In 2000 Lawrence Lessig, then a professor at Stanford Law School, published The Future of Ideas: The fate of commons in a connected world, in which he argued that there should be a way to license works, with or without conditions, but not involving copyright.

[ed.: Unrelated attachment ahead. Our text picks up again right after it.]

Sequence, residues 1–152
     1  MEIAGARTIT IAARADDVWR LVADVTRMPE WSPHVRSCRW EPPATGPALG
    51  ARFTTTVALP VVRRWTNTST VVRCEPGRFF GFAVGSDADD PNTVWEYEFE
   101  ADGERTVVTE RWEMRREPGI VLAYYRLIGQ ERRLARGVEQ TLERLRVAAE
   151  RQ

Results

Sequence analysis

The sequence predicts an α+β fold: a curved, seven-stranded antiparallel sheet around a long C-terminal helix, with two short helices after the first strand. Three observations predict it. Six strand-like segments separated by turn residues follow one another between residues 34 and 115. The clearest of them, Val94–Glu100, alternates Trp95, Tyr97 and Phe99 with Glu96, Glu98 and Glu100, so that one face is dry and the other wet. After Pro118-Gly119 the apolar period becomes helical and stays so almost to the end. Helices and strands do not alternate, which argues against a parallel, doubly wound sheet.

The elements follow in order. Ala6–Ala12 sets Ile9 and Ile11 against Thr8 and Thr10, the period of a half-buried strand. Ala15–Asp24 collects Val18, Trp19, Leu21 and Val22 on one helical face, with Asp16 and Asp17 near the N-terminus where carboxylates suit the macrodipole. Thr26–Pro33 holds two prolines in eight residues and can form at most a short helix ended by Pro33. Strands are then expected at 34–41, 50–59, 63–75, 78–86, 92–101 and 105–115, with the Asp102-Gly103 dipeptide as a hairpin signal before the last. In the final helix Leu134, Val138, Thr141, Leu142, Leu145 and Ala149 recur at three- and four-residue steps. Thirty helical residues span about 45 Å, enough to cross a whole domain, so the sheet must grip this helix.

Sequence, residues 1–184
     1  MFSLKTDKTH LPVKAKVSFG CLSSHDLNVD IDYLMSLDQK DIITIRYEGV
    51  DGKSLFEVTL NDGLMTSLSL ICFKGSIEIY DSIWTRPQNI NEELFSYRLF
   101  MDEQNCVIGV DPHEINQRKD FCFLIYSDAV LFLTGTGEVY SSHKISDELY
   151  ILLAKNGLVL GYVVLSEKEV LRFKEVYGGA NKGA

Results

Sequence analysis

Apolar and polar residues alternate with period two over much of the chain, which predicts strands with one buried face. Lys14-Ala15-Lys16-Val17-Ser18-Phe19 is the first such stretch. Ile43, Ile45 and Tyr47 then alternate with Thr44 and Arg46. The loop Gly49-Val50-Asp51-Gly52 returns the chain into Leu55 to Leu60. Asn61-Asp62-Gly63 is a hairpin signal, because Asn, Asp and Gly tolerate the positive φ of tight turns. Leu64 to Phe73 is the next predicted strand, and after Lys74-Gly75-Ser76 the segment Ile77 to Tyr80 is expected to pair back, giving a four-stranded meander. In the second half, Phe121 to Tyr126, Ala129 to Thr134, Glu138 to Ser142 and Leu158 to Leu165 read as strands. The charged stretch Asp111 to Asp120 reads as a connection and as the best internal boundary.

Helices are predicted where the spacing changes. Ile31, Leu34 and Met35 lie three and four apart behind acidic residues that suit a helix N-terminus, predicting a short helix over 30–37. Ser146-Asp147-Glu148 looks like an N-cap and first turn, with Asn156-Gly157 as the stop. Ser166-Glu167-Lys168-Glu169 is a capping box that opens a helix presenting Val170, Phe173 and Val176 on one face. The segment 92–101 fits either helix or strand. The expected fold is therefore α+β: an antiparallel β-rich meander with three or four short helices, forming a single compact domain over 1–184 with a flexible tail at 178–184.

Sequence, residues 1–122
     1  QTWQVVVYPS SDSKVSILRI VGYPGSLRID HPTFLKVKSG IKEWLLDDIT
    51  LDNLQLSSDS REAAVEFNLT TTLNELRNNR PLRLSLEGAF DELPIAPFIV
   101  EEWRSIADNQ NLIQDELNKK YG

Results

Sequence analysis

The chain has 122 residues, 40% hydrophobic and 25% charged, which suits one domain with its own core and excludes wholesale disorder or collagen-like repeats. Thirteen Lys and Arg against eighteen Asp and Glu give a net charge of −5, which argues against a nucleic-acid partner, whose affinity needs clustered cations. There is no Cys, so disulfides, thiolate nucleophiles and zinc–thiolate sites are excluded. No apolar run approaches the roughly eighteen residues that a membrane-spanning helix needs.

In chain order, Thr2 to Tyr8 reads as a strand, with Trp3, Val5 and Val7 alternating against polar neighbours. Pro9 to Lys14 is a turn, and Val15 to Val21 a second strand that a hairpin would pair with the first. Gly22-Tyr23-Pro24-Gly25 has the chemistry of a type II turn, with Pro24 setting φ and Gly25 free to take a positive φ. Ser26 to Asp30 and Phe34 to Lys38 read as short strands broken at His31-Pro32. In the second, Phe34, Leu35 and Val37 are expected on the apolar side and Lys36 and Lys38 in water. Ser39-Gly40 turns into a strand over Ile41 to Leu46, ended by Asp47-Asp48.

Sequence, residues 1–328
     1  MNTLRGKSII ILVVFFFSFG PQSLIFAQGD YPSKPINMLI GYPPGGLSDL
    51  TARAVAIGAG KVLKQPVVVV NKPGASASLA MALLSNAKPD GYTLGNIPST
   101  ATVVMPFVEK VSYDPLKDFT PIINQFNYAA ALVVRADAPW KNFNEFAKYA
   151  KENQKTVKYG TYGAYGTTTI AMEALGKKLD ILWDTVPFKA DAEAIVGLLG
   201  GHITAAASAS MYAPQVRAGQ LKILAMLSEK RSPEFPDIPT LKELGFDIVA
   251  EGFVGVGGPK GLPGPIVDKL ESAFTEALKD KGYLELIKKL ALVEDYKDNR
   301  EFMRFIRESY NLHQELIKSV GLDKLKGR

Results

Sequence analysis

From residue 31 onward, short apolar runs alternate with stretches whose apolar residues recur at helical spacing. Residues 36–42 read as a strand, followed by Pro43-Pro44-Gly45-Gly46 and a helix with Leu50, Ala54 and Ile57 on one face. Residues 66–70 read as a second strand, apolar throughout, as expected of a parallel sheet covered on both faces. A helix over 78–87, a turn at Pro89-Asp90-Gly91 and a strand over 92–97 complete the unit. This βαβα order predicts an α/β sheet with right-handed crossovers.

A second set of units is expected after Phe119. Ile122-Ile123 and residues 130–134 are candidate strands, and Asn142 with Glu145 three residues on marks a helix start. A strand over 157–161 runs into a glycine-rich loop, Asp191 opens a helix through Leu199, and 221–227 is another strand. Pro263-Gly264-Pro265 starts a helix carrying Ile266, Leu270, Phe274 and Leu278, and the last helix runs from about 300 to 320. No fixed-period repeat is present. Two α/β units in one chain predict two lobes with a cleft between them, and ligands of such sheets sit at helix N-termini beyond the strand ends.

". . . copyright helps artists get rewarded for their work, . . . a copyright regime that is too strict and grants copyright for too long a period of time (i.e. the current US legal climate) can destroy innovation, as the future movements by corporate interests to promote longer and tighter protection ofintellectual property in three layers: the code layer, the content layer, and the physical layer. . . . In the end, he stresses the importance of existing works entering the public domain in a reasonably short period of time, as the founding fathers intended."